The advantages to the control group were even greater in sixth grade than in third grade.
- On all the achievement tests - which were in reading, math, and science - the control group scored higher than the pre-K group.
- Those in the pre-K group were 74% more likely to have been diagnosed with a learning disorder sufficient to require an IEP (Individualized Education Program) than those in the control group.
- Those in the pre-K group were 48% more likely to have committed a behavioral offense at school than those in the control group.
In short, this expensive, deliberately planned pre-K program caused reduced performance on all academic achievement tests, a sharp increase in learning disorders, and much more rule violation and behavioral offenses than occurred in the control group - all of which by 6th grade.
Understanding the Research
The next question may be, “Well why?” There are many possibilities. Here may be a few.
- Early academic pressure and labels can be a self-fulfilling prophecy and result in poorer academic performance. When children have educational experiences that are not geared to their developmental level or in tune with their learning needs and cultures, it can lead to feelings of inadequacy, anxiety, and confusion.
- Early academic training can result in shallow learning of skills with a focus on doing just enough to pass but not deep enough to retain. This can interfere with subsequent learning because as the years go on, success on tests may depend more on real understanding.
- The pressures of early academics can lead to children feeling a rebellious attitude toward school. It becomes a “have to” instead of a “get to.” In addition, this can lead to a fixed mindset.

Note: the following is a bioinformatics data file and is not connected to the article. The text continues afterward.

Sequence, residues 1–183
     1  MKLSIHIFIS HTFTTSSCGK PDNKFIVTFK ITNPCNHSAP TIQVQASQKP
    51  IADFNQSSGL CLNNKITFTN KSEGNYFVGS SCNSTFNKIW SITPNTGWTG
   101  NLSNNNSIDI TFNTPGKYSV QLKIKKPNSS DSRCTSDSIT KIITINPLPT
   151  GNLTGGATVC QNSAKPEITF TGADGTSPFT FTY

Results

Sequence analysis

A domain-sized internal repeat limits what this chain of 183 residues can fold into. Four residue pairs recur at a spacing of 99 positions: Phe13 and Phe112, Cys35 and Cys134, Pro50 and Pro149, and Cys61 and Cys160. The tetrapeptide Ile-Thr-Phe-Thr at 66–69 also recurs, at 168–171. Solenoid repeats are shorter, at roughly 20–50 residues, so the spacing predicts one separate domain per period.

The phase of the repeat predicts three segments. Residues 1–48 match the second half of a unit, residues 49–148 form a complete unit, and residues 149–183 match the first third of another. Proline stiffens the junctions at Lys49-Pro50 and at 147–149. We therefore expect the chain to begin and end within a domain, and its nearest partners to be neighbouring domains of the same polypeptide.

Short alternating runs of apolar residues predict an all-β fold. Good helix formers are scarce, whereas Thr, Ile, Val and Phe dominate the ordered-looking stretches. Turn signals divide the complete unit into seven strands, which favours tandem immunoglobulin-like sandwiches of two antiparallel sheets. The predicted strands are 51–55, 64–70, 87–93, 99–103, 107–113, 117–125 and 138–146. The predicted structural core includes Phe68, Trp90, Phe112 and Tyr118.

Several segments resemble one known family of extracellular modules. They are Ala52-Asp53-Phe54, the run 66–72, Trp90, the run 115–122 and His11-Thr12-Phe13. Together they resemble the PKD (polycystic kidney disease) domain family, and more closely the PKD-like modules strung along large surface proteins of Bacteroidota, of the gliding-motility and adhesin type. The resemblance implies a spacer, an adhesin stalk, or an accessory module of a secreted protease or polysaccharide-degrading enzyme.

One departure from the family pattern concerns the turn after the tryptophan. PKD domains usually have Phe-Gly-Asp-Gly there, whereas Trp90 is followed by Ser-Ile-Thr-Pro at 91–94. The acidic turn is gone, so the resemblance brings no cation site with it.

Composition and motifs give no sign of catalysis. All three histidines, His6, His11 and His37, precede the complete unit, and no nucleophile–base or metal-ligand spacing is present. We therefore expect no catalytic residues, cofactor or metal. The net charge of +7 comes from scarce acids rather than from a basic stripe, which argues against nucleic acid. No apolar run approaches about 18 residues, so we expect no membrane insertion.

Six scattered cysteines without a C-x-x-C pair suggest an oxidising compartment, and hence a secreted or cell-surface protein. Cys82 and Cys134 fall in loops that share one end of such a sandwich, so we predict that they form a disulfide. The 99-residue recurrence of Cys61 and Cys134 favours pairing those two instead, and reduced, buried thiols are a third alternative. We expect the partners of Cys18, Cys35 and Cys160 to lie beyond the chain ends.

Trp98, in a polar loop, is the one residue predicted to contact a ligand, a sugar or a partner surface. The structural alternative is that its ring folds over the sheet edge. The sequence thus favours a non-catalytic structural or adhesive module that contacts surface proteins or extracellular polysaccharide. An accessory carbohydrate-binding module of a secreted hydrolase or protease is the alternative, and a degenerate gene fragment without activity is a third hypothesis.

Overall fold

Another possibility could be not what was done in the pre-K program, but by what was not.
Four-year-olds need lots of time to play, create, explore, socialize, take initiative, figure things out on their own, and manage their emotions and behaviors. When time is spent on academics in lieu of these foundational milestones, their social-emotional skills remain immature. Studies have shown that SEL is pivotal in academic success. When academics “buts the line” and jumps before SEL, the implications stack throughout the child’s educational career.
For better long-term academic outcomes, research supports play-based preschools and kindergartens, using a mix of both free and structured play. Play attunes the brain and bolsters cognitive, social, emotional, and physical development.
When children engage in play-based learning, they rarely even realize they are growing their brain because they are so engaged in what they are doing. It feels like fun, not a chore.
It isn’t natural to a child when a teacher tells them to take out a pencil and sit still. Most young children seek to engage (or calm) the senses, dig in the dirt, climb and jump, stack blocks, build, paint, look at pictures in a book, play games like making and selling pretend ice cream, and more. This is how they learn.
The truth seems to be spelled out for us. Those things children learn without joy, they forget easily. And even more profound, when academics are pushed on kids too fast too soon in order to meet arbitrary milestones, it can have many adverse symptoms that affect their self-worth and mental health.
Children who feel well-supported to play and follow their interests, who are guided in emotional regulation and met with empathy and kindness - those we are gifted the freedom to learn in their own unique ways and in their own developmental time - are more likely to feel safe and supported. When children feel safe, they are able to learn.
And isn’t that what this is all about? Children learning?